One of the aims of the College is to make training and education accessible across a variety of different levels. The Scottish Baptist Learning Communities, in partnership with the Baptist Union of Scotland, is our grassroots initiative to provide learning opportunities to as many people as possible in churches across Scotland.
Starting in September 2020, we’re running a series entitled “What are they saying about…” which is a series of four 1 hour sessions over the course of a month on specific themes that will engage our minds and open up discussion. These sessions are aimed at those with no prior theological education (although not excluding those who do!) and are suited for a broad audience. The classes are non-validated so there’s no assignments or exams but simply an opportunity to think through and talk about some of the important issues of the Christian faith guided by knowledgeable facilitators from the Scottish Baptist College, the Baptist Union of Scotland, and other expert voices.
These will mainly be held in the evening though we’ll rotate the evenings that they are held on (isn’t annoying when every church event is a Wednesday evening?!) We want to make sure that these are accessible to as many people as possible.
We’ll run sessions in Autumn and Spring with the first learning communities beginning in October and November 2020.
The cost of a 4-week block is £30 and to register for the current sessions you can go to Eventbrite here.
The first series is “What are they saying about…Reading the Bible as Story” beginning on Sunday October 4th at 8pm.
What are they saying about: ‘Reading the Bible as Story’?
We know that the Bible contains lots of stories – many of them are very well-known, like the Good Samaritan or the confrontation between David and Goliath. We may also have heard people describe the Bible as part of God’s big story. But, what would it mean to read the Bible as story?
In these sessions, we’ll be looking at how ‘Reading the Bible as Story’ significantly dictates how we approach the task. What does it mean that there’s a beginning, middle and end? How slow or fast should we read, in order to observe individual characters develop and plot-lines repeat themselves? What perspective do we need in order to allow the story to draw us in? In what ways is an ancient, Jewish story different to modern, western works of literature – and, how can we best know and respect what the original authors expected of us as readers?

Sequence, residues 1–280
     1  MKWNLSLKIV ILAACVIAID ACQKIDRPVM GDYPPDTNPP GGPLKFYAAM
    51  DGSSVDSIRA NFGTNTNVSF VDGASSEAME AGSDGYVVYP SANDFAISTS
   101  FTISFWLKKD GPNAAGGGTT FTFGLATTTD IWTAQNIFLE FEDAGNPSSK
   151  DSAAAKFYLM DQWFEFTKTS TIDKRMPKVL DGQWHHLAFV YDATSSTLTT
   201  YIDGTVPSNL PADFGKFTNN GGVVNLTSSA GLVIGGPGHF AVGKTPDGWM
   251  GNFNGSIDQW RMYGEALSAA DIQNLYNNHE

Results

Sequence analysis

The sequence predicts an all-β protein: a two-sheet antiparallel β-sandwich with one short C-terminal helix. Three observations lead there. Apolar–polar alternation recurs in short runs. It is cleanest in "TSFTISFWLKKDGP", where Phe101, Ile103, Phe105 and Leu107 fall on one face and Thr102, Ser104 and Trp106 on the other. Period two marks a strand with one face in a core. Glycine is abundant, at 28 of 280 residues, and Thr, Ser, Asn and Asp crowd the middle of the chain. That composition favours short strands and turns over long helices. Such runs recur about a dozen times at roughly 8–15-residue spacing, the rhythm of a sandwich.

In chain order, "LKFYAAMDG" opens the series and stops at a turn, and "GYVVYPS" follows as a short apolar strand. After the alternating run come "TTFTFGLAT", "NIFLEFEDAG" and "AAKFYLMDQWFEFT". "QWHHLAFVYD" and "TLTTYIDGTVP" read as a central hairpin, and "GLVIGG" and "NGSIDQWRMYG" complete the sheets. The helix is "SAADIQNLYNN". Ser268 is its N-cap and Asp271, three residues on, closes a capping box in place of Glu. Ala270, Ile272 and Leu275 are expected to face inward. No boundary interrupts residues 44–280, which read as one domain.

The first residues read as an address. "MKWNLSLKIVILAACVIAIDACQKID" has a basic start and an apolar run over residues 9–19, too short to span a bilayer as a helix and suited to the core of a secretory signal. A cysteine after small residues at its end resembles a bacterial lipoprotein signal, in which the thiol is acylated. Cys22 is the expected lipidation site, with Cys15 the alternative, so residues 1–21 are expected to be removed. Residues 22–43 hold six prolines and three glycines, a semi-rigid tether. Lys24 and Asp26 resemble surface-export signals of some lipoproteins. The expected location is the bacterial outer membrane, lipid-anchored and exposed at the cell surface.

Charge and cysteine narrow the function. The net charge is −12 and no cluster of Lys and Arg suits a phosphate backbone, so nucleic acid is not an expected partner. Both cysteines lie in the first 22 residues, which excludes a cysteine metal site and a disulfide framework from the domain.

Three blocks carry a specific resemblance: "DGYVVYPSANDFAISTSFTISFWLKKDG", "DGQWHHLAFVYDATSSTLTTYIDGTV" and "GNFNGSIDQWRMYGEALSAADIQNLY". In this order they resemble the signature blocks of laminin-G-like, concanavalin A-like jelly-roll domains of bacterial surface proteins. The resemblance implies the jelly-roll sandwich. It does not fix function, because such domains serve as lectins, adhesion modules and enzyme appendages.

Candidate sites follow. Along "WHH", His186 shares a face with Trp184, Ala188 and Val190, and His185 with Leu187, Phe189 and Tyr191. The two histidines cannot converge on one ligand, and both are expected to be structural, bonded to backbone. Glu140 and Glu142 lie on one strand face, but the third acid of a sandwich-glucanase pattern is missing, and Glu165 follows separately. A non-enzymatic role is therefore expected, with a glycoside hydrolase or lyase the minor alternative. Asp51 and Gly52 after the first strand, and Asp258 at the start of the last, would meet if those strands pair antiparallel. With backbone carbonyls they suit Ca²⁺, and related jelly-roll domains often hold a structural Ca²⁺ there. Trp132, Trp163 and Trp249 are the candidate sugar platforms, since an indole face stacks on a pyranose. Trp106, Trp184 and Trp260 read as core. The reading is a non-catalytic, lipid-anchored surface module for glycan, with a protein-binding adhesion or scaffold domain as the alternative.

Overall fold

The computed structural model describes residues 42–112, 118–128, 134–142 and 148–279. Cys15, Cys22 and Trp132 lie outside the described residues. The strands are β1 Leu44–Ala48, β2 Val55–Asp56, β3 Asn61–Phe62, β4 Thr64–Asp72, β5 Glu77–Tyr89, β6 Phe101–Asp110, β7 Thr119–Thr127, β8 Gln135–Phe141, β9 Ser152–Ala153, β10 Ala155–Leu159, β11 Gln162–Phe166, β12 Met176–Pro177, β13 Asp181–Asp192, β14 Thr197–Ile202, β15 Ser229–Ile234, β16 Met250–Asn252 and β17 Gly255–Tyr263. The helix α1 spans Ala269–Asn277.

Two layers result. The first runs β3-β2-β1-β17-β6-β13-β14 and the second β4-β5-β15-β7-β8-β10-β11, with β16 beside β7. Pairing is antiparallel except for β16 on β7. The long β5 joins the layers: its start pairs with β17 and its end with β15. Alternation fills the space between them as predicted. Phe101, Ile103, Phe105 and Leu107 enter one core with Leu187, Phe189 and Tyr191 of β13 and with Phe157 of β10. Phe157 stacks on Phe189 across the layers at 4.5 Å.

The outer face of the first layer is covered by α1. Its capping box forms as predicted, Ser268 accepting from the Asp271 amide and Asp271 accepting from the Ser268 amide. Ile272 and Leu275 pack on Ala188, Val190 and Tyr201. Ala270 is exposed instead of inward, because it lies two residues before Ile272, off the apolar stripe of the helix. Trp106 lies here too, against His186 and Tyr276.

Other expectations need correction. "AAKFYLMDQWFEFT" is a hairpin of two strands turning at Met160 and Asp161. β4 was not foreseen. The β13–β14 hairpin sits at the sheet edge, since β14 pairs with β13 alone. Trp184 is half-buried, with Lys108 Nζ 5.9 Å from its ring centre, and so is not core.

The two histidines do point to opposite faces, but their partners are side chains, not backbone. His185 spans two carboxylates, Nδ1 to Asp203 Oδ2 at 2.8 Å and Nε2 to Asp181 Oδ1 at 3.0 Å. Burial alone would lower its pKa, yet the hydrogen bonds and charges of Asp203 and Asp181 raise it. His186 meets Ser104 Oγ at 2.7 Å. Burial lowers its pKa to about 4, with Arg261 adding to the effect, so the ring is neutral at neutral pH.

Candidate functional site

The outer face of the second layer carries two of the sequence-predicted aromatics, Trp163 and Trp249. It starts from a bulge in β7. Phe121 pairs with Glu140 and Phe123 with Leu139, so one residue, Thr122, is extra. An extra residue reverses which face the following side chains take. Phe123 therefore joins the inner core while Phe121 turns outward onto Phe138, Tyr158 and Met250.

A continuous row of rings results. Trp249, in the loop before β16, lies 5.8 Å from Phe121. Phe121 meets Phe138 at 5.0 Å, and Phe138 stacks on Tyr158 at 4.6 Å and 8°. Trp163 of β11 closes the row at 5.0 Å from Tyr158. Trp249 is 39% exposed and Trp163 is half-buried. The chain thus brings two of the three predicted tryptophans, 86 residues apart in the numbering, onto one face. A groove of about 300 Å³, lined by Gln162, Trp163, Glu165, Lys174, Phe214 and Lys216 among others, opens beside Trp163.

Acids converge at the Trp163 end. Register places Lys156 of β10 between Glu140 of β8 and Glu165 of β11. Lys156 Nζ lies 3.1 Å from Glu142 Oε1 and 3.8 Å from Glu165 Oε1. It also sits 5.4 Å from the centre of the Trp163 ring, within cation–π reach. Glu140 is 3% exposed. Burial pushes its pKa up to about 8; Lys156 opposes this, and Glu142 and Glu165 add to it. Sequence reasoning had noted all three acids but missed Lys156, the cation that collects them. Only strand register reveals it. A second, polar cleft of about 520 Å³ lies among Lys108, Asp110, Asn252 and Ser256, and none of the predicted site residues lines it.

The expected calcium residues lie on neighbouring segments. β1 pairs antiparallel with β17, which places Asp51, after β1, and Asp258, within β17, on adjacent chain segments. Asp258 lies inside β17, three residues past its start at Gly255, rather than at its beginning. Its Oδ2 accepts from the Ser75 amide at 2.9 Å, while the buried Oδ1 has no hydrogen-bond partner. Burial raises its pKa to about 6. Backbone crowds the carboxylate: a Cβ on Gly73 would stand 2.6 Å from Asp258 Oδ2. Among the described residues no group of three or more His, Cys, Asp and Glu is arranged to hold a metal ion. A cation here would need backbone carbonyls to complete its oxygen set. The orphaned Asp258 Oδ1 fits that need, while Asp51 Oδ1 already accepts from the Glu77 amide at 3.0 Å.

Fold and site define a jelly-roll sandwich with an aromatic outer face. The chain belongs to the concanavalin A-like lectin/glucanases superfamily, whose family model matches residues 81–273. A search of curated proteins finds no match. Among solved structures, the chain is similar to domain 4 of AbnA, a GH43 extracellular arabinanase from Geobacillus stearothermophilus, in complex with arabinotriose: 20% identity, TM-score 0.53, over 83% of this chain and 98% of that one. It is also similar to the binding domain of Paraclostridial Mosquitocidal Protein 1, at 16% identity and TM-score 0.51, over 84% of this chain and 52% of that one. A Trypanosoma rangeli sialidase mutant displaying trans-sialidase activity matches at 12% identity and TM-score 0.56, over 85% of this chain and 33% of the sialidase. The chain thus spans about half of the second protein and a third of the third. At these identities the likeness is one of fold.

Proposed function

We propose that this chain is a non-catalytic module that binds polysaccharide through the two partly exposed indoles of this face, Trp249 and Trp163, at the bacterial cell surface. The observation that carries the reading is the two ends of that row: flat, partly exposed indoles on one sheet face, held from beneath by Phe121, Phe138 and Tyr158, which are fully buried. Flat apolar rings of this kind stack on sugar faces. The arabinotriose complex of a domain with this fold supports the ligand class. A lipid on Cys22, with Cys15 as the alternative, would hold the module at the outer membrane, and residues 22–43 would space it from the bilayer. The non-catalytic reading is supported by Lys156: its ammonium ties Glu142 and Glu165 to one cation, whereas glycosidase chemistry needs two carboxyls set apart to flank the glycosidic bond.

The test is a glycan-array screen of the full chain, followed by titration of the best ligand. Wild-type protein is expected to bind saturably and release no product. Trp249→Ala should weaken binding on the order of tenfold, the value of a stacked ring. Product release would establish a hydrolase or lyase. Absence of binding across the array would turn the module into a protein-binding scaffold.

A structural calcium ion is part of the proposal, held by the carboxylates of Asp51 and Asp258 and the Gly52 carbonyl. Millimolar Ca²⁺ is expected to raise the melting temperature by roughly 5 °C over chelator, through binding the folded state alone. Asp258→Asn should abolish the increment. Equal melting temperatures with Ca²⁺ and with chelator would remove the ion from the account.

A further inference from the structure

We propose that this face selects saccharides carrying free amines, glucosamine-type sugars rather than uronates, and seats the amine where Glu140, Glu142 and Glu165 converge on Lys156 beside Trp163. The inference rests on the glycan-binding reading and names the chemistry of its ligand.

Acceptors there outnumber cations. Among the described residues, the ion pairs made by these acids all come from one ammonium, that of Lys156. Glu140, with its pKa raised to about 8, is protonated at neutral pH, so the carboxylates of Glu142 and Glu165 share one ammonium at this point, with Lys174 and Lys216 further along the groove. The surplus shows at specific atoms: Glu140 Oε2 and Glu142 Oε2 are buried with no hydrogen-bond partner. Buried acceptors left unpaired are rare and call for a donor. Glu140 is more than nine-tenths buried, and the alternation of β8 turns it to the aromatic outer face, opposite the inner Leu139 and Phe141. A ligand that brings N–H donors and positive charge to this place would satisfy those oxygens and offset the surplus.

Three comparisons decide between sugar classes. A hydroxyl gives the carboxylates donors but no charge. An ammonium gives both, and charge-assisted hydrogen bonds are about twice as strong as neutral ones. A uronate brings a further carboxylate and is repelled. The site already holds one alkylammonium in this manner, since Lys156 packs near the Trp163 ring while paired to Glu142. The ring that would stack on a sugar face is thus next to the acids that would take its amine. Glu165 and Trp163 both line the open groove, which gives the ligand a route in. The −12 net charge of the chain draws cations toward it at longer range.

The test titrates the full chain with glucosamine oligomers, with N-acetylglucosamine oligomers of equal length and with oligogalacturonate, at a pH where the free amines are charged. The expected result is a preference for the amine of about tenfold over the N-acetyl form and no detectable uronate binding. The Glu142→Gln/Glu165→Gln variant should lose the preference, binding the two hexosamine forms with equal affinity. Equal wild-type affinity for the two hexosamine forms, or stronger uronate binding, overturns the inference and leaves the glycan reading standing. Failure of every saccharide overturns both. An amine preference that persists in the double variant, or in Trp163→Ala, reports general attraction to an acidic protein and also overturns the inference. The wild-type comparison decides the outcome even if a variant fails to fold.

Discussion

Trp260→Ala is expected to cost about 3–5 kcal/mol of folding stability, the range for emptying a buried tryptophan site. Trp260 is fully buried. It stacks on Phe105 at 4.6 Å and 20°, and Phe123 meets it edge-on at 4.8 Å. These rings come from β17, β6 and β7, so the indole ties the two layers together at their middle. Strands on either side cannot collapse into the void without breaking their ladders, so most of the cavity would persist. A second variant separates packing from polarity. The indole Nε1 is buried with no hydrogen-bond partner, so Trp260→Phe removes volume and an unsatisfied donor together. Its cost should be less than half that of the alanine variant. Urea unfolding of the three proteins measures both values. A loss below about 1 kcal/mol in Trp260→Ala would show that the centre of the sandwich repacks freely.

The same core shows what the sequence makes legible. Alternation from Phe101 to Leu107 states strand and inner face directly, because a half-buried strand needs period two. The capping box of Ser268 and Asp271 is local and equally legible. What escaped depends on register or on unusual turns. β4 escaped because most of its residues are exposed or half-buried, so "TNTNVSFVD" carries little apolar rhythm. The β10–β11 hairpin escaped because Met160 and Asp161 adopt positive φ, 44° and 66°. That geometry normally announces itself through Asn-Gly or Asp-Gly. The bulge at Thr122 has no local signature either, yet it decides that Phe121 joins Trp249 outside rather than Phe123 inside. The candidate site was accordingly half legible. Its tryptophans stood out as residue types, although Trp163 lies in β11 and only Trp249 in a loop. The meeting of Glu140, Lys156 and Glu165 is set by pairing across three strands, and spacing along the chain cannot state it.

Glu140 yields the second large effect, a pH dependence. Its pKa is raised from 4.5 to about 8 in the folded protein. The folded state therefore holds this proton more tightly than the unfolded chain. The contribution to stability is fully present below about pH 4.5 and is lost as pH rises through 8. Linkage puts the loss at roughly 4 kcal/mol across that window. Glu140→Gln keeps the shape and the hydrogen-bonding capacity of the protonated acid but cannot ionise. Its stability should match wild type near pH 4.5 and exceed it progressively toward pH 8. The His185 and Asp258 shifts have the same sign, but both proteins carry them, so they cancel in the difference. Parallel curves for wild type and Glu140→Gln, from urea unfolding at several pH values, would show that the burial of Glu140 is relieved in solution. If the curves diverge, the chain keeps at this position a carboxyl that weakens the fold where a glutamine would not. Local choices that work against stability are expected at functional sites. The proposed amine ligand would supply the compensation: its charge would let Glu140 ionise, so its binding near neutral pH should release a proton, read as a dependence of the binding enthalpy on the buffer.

One thing’s for certain, how we approach a narrative has a huge impact on how it reveals its meaning and the kind of response it stirs.
Scholars are increasingly talking about ‘Reading the Bible as Story’. What are they saying? And, why might this be important?
In November we’ll be running a second series on “What are they saying about…Christianity and Creation Care”.
What are they saying about: ‘Christianity and Creation Care’?
Climate change (or climate chaos) is never far away from the front pages of the newspapers and issues of the environment are widely discussed. Whether it is renewable energy or plastic use, there’s a sense that we need to act soon or it might be too late. But what role might our faith play in helping us to navigate conversations around the environment?
Over a period of four weeks this course will explore creation, the environment, and Christianity through multiple lenses. We’ll discuss the doctrine of creation and the Christian mandate for creation care; we’ll think about creation through a biblical lens to discover what the Bible says about God’s purposes for creation; we’ll consider how our communal worship shapes our attitude to environment; and finally we’ll think about how we live out the Christian faith wisely in relation to the creation.
Taught jointly by the core team at the Scottish Baptist College (Ian Birch, Lina Toth, Andrew Clarke, and Graham Meiklejohn) each week there will be a different voice bringing insight from their own perspective and understanding of creation care and the Christian faith.